Construction started in 1905 on the new centre-piece of western Berlin’s Nollendorfplatz, the Neues Schauspielhaus.

The huge theatre and concert hall, designed by architects Boswau & Knauer, opened in 1906 with a production of Shakespeare’s The Tempest in the 1260-seat theatre. By 1911, the Mozartsaale concert hall had been converted into a cinema, seating 1364.

(image: Architekturforum.net)

From the beginning of the First World War, the venue staged mostly operettas, but from 1914 to 1923 was run as the Theater am Nollendorfplatz under the leadership of author and theatre director Herman Haller. In 1927, the venue was taken over by the director Erwin Piscator for his Piscator-Bühne stage company. Piscator created ground-breaking time-critical performances commissioning writers such as Ernst Toller, Walter Mehring, George Grosz and Bertolt Brecht.

In 1928, the cinema was redesigned by Georg Leschnitzer and the seating capacity reduced to around 900. It was here on December 6th 1930 that the German premiere of the American anti-war film ‘All Quiet On The Western Front’ took place. Despite having been cleared by the censors, the Nazi party, and in particular Goebbels, took a dislike to the films portrayal of weariness and defeatism among the soldiers of the Great War.

“Goebbels sent bands of Storm Troopers to the theatre to threaten and harass anyone who wanted to see the movie. When that failed to stop the movie, the Nazis invaded the theatre itself and started shouting and booing. They set off stink bombs. They even brought cartons of white mice and released them under the seats.”

Otto Friedrich – Before The Deluge

The protests at Nollendorfplatz lasted three days. Eventually the Board Of Film Review reversed it’s decision and the film was banned from further showings.

After Erwin Piscator fled Germany in 1931, and for the duration of the Nazi regime, the theatre once again became a home to light opera under the direction of actor Harald Paulsen.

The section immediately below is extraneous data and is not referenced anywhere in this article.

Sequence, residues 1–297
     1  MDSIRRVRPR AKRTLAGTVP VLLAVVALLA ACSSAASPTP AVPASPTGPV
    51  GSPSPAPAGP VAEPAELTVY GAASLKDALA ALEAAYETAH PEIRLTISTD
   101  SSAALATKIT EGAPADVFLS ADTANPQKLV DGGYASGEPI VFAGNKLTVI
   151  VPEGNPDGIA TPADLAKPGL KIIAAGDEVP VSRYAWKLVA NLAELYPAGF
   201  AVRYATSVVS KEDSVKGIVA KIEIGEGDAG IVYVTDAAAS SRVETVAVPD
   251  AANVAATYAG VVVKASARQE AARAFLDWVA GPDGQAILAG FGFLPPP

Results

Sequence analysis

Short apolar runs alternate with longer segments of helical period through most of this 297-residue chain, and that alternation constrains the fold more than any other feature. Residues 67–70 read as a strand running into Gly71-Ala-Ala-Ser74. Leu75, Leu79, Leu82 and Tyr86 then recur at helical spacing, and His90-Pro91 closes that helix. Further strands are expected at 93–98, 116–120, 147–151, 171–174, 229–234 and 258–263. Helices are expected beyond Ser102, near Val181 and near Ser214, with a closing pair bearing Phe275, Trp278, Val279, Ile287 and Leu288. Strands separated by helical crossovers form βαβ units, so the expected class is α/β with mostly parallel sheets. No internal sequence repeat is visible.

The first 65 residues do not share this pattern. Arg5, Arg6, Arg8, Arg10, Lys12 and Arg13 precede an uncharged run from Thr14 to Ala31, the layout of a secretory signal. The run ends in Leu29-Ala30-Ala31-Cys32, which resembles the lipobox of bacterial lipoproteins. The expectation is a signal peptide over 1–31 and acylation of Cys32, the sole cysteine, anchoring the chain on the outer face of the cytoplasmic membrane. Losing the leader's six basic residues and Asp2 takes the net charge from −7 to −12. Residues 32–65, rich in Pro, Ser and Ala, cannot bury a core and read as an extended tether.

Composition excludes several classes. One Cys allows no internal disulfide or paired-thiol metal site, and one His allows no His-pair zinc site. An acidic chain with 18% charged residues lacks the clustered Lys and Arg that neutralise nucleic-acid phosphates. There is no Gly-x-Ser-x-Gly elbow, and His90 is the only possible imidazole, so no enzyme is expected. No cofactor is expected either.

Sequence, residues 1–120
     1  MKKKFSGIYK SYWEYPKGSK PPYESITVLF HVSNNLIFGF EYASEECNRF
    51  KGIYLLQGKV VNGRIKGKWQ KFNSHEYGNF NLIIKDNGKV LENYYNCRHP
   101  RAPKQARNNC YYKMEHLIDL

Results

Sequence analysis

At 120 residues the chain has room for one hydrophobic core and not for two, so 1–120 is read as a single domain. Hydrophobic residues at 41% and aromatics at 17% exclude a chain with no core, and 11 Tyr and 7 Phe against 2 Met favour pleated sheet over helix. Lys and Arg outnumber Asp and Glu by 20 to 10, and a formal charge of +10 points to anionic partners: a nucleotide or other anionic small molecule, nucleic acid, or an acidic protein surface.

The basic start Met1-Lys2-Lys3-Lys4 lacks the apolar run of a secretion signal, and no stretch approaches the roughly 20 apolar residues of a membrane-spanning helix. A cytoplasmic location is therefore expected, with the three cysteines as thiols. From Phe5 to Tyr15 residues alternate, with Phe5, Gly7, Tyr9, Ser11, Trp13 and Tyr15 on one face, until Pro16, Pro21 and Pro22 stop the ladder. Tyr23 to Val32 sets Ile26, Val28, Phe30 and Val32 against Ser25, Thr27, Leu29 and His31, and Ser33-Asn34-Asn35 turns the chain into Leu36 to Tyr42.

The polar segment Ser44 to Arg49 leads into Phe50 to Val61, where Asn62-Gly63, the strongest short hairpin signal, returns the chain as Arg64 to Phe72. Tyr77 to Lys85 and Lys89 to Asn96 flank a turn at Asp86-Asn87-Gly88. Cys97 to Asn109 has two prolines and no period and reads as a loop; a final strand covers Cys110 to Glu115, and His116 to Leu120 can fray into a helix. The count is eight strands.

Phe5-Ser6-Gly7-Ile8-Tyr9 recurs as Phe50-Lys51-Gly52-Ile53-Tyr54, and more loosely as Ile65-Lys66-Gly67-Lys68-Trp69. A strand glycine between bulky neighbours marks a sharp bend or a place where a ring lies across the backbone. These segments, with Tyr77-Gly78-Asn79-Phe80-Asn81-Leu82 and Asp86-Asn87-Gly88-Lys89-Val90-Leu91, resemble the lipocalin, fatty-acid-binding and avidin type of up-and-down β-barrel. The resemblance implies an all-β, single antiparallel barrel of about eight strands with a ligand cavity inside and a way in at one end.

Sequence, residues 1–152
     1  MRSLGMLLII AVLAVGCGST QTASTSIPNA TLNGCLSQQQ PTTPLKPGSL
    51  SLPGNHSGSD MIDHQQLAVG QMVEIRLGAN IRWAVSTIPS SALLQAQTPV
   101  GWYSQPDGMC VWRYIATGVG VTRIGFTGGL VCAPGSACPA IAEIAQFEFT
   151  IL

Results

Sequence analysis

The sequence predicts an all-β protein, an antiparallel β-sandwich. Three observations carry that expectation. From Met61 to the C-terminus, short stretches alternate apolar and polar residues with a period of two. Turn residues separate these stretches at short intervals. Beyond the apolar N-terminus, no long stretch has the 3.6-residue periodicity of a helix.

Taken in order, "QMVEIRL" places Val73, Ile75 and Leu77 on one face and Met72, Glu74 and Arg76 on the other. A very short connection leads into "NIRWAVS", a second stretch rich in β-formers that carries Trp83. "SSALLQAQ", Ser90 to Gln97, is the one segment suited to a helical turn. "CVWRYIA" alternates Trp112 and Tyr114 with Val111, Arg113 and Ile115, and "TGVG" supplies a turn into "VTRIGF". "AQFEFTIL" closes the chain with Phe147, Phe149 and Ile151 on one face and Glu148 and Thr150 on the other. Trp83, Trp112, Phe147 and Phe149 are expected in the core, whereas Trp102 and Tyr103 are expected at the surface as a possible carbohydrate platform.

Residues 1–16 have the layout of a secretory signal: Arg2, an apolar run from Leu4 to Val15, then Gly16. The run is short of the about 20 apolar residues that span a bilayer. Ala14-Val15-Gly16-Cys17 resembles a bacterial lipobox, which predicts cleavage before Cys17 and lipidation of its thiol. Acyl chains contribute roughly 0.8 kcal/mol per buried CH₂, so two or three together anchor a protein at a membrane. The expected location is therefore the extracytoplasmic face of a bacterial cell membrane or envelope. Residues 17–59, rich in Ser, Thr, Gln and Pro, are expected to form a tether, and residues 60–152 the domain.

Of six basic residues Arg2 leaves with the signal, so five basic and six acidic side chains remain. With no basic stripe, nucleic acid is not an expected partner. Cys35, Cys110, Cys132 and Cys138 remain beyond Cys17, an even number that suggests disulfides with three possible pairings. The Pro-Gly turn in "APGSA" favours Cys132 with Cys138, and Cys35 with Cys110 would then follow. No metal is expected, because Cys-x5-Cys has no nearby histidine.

The main auditorium was destroyed during the Second World War, but the facade and the cinema remained intact.

In 1951 the venue was renamed The Metropol and throughout the 50′s, 60′s and 70′s was known mainly as a live music venue and in the 1980′s as a discotheque. A host of well-known names have played the Metropol over the years including Depeche Mode, The Human League, Joe Cocker, Eurythmics, The Jam and a very youthful U2.

For a short time in 2000, the venue became the home of Berlin’s legendary, boundary-pushing nightclub The KitKat Club.

In 2005 the interior of the venue was remodeled by the architect Hans Kollhoff, at a cost of 11 million euros, into what is now Goya. It is used for one-off club nights and private hires and has an exclusive restaurant on the first floor called The Elephant Food Club. Over the weekend of the local “Strassenfest” every June, the venue is open to the public.

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One Response to Goya

  1. Marc Payne says:

    Great historical article, thank you. I still have ticket stubs from concerts I attended at the Metropol in 1980 -1982 including; Depeche Mode, Tears for Fears, The Pretenders, Spandau Ballet, Peter Tosh, Divine, U2, Grandmasterflash and Furious Five Elvis Costello and a few more.


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